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EDITIONS
Thursday, 6 June, 2002, 15:47 GMT 16:47 UK
Prisons re-think 'an option'
Inside Peterhead Prison
Peterhead Prison is earmarked for closure
The Justice Minister, Jim Wallace, has left the door open to the possibility of new prisons in Scotland being built with private money but being run by the government.

The option was originally discarded by the Scottish Executive but Mr Wallace told MSPs he was willing to reconsider if that decision proved to have been wrong.

The minister was giving evidence to the Scottish Parliament's justice one committee, which is investigating the Prisons Estates Review.

Its proposals, announced in March, include the closure of Peterhead Prison in Aberdeenshire and Low Moss jail near Bishopbriggs, in East Dunbartonshire.


The asset lies with the expertise, quality and training of staff, rather than the physical entity of Peterhead prison

Jim Wallace
Justice Minister

The review also recommended the construction of three new private prisons, which accountants PricewaterhouseCoopers said could save the Scottish Executive about 700m.

However, academics at Strathclyde and Stirling universities have described the figures used as "fundamentally flawed".

The proposed closure of Peterhead Prison has prompted a large campaign to save the jail.

'Bold assertion'

On Wednesday, Aberdeenshire Council published three reports backing its case for keeping Peterhead open.

In one, former prison service chief executive Peter McKinlay predicted that sex crimes would increase if the prison shut.

However, on Thursday Mr Wallace said: "I am not quite sure what in the substance of the report actually gives substance to that bold assertion but it is something to reflect on."

Peterhead Prison campaigners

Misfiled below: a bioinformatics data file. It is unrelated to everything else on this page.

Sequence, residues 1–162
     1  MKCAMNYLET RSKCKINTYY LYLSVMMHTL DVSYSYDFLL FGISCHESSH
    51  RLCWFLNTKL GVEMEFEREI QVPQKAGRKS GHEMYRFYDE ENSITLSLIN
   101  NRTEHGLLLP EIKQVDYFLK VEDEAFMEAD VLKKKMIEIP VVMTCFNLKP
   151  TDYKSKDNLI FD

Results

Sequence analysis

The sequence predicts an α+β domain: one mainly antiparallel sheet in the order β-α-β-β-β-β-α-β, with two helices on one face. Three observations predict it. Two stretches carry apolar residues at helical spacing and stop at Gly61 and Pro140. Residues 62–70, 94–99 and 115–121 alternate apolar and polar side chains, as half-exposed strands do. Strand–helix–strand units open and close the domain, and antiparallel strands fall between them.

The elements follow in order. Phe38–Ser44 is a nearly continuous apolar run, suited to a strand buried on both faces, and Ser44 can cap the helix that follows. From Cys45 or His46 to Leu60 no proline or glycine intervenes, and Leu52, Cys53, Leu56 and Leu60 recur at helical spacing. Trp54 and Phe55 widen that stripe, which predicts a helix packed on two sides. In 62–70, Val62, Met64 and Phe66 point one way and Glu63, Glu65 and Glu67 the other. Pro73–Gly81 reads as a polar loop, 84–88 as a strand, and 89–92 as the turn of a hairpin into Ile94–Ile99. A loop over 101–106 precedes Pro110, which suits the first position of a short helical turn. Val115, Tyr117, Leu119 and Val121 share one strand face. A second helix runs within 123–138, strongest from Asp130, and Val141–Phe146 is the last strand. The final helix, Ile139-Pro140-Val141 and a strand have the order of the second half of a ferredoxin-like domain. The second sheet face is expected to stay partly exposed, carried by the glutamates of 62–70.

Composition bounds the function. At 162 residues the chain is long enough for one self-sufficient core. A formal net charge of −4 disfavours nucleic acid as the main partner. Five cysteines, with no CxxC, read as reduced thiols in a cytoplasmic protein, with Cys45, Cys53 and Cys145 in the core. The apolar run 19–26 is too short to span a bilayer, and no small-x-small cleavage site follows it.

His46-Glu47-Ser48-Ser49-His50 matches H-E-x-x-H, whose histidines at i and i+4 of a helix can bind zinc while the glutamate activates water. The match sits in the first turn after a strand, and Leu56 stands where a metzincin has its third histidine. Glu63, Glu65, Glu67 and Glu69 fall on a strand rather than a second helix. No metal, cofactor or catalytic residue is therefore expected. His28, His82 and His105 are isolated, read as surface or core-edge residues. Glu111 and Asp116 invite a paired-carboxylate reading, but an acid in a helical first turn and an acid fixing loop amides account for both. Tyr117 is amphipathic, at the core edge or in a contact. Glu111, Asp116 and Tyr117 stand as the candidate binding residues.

Campaigners are trying to save Peterhead

He said that although the fact some prisoners wished to remain at Peterhead should be taken into consideration, it should not be "a determining factor".

The views of prisoners' families should also be taken on board, he said.

"But it is also important that at the moment we have got letters with regard to 54 prisoners complaining about the conditions at Peterhead so that is not insignificant."

He said he wished to state his recognition of the work carried out by staff at Peterhead and that their productivity was more important than prison location.

'Open and receptive'

"In many respects we are talking about an expertise which should not prove impossible to deliver in other locations.

"The asset lies with the expertise, quality and training of staff, rather than the physical entity of Peterhead prison."

Committee member Margaret Smith said 21 prisons in France had been built privately but were run publicly.

She asked whether ministers had fully investigated those models.

Jim Wallace
Jim Wallace: "Kilmarnock is safe"

Mr Wallace said they had and had decided that they would not be appropriate in Scotland.

But he added: "If someone says that that is wrong, I have indicated that I am open and receptive to views."

The minister also said he was willing to look at privately-built prisons being run as not-for-profit trusts, but said no investigations had been carried out as yet.

"I have undertaken to reflect on that and see whether this is something that can be taken forward," he added.

Kilmarnock 'danger'

Mr Wallace also defended the privately-run Kilmarnock Prison, the only one of its kind in Scotland, against claims that safety was being put at risk by low staffing levels.

The Chief Inspector of Prisons, Clive Fairweather, said officers had complained that staffing levels were "dangerously low".

Mr Wallace pointed out that prison managers could face legal action if they did not do all they could to maintain order.

Inside Kilmarnock jail
Inside Kilmarnock jail

He quoted the most up-to-date statistics, which revealed the level of assaults within the prison was no worse, and in some cases better, than in publicly-run jails.

Mr Wallace said: "There is no evidence to suggest that the position of staff or prisoners in Kilmarnock is any less safe than in comparable prisons in the public sector."

He was supported by the chief executive of the Scottish Prison Service, Tony Cameron, who also appeared before the committee.

"We would be concerned if the assault figures are out of line, but they're not," he told MSPs.

"It's not unusual for unions to claim that we do not have enough staff - that's what they're there for.

"But I have no comment on the staffing levels. What I'm concerned about is that they deliver a safe prison, and they have."

See also:

05 Jun 02 | Scotland
30 May 02 | Scotland
23 May 02 | Scotland
14 May 02 | Scotland
16 Apr 02 | Scotland
15 Apr 02 | Scotland
Links to more Scotland stories are at the foot of the page.


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